Christ’s Gospel/Doctrine Fully Developed

Reynolds noted that the “first comprehensive statement of the gospel or doctrine of Christ in the Book of Mormon occurs in 2 Nephi 31,”4 where Nephi developed the above-mentioned six points in five distinct variations.5 Nephi’s discourse is important because it “formulates a complex of ideas that informs every major sermon and gives rich meaning to stories related later in the text.”6 In His ministry among the Nephites, Jesus delivered similar discourses on the doctrine of Christ, on one occasion to the people generally (3 Nephi 9–19)7 and on another to His chosen disciples (3 Nephi 27).8 According to Reynolds, these three sermons “constitute the clearest and fullest definitions of the gospel” found in the Book of Mormon.9

Jesus Teaching in The Western Hemisphere. Image by John Scott.

Abbreviated Statements of Christ’s Gospel/Doctrine

Presentations of Christ’s doctrine given by other Book of Mormon writers usually only contain parts of the six-point formula that was outlined by Nephi and Jesus. “These elliptical references … often take the form of merismus, a classical rhetorical device in which the division of an important topic or statement into component parts allowed for its full invocation by explicit listing of selected parts only.”10

Reynolds explained,

Almost every doctrinal teacher and writer in the Book of Mormon witnesses to the same set of teachings, sometimes with distinctive terminology, but always with the same logical structure of ideas. The pattern is set by Lehi, Nephi, and Jacob. Others who carry on the tradition include Amaleki, Benjamin, Alma, Mosiah, Alma the Younger, Amulek, Ammon, Aaron, Helaman and his sons, Nephi and Lehi, Samuel the Lamanite, Mormon, and Moroni. Ether is reported by Moroni to have taught the same gospel pattern to the Jaredites in their decline. The greatest emphasis of all occurs in the record of Christ’s teachings to the Nephites. There can be no doubt that this was a conceptual pattern of the first importance to the Nephites in their teachings about God and his children.11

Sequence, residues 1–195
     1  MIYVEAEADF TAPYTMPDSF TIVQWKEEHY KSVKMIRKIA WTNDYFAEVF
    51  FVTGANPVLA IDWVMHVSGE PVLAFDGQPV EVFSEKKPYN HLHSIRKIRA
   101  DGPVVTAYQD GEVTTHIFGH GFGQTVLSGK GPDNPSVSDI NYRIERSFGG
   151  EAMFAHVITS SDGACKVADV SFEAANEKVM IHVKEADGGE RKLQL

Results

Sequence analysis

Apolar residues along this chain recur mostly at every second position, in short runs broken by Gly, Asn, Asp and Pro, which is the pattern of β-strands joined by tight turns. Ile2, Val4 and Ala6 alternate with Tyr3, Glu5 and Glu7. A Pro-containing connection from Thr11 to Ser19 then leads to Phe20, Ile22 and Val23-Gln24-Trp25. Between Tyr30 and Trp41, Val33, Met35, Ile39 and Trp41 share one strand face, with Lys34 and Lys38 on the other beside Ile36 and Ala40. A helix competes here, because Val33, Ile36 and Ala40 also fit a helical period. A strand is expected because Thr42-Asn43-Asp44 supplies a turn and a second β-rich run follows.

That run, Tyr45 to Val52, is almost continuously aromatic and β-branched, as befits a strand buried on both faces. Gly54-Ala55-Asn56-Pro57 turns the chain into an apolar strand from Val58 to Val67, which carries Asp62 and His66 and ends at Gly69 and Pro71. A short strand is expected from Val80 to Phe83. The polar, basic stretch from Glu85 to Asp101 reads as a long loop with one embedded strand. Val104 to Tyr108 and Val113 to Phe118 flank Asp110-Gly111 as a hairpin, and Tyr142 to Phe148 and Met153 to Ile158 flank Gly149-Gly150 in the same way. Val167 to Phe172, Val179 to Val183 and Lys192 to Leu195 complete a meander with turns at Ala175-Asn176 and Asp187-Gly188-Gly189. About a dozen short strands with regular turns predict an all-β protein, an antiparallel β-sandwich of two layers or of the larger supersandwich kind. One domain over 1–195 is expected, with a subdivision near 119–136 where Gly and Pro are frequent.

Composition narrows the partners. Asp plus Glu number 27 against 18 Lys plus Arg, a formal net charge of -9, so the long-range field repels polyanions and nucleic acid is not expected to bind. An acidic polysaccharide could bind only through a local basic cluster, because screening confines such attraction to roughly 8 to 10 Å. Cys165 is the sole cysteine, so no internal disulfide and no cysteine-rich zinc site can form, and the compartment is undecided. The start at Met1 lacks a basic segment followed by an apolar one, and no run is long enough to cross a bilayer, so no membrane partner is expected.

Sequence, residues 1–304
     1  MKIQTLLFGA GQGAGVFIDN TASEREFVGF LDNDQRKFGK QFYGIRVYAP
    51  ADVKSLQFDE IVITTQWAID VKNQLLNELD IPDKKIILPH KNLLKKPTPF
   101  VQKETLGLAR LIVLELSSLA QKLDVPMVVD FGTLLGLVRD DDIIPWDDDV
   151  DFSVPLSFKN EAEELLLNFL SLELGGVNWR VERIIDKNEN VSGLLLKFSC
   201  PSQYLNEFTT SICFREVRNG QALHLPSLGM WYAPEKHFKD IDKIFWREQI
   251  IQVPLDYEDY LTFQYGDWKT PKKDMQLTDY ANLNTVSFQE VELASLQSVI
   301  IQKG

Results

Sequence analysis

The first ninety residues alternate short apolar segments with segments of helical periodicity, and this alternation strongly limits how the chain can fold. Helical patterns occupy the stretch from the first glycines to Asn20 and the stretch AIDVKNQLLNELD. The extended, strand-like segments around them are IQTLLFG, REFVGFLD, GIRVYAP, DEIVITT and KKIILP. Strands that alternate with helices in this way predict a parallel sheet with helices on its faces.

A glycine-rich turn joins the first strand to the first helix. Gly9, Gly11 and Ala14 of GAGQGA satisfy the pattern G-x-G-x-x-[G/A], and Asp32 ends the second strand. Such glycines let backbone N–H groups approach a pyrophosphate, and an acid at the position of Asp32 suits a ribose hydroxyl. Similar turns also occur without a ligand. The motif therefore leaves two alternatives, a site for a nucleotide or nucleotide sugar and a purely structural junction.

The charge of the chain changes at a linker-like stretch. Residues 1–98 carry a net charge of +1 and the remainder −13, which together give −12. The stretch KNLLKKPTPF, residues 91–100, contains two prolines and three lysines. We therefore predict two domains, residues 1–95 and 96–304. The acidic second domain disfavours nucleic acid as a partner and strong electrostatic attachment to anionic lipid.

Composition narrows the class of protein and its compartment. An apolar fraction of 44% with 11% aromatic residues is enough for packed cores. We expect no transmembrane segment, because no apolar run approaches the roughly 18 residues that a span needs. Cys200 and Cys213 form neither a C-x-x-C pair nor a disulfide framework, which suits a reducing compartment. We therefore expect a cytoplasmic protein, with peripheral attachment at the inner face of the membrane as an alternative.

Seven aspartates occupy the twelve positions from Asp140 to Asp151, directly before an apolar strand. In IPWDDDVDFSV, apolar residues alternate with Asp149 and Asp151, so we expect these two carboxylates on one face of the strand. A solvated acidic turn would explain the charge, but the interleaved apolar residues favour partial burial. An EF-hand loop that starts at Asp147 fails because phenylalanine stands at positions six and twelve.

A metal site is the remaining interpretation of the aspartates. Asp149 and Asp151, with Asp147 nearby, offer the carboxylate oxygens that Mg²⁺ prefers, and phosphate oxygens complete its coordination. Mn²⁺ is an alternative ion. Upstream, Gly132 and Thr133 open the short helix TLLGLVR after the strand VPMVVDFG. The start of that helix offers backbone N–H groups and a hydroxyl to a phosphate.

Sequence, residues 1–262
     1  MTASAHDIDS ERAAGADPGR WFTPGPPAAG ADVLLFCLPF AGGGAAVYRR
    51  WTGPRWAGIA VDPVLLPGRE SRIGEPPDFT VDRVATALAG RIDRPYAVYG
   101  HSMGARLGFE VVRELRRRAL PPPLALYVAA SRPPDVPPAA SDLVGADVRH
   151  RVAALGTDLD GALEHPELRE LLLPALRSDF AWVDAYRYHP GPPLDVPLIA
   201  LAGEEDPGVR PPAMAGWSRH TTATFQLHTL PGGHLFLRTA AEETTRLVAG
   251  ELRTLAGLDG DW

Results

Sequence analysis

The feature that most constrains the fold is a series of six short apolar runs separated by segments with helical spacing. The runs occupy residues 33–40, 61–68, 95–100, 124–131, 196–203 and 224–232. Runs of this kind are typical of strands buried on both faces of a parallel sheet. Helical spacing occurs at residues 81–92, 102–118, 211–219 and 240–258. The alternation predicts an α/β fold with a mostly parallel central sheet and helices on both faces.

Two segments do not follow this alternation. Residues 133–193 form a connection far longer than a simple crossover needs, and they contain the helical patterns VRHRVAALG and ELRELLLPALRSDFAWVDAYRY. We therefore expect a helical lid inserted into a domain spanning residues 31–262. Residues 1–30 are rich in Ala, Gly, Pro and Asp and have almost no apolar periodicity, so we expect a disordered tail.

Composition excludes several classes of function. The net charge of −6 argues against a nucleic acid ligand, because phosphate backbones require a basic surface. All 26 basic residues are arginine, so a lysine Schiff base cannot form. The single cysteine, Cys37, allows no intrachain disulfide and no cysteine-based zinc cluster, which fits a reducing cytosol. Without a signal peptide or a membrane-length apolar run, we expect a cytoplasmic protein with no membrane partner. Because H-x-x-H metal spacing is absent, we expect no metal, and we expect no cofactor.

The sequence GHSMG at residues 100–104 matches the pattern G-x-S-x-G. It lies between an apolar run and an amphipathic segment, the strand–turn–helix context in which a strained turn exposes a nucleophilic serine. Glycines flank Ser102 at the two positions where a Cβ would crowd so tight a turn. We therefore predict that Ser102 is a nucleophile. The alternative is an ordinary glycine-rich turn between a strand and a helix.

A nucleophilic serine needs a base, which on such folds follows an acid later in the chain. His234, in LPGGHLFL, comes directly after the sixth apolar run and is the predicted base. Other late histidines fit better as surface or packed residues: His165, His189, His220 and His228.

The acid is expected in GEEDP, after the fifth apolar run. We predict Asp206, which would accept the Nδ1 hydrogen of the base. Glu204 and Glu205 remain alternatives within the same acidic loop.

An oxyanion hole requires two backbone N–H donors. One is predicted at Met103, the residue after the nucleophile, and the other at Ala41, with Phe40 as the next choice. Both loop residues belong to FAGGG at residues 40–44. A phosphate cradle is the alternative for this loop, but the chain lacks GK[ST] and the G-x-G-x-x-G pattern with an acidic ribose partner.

Conclusion

Reynolds noted, “While all the elements of the gospel as it is defined in the Book of Mormon occur in the New Testament, the formulaic relationship the Book of Mormon ascribes to them is not so obvious.”12 This suggests that the Book of Mormon’s presentation of the gospel/doctrine of Christ wasn’t simply borrowed from the New Testament. Rather, it shows up in the text in an original or distinctive way, manifesting one aspect of the text’s complexity and doctrinal continuity.

Book of Mormon Central, “What is the Doctrine of Christ? (2 Nephi 31:21),” KnoWhy 58 (March 21, 2016).

Noel B. Reynolds, “The True Points of My Doctrine,” Journal of Book of Mormon Studies 5, no. 2 (1996): 26–56.

Noel B. Reynolds, “The Gospel of Jesus Christ as Taught by the Nephite Prophets,” BYU Studies Quarterly 31, no. 3 (1991): 31–50.

Complexity
Doctrine
Christ's Gospel
Book of Mormon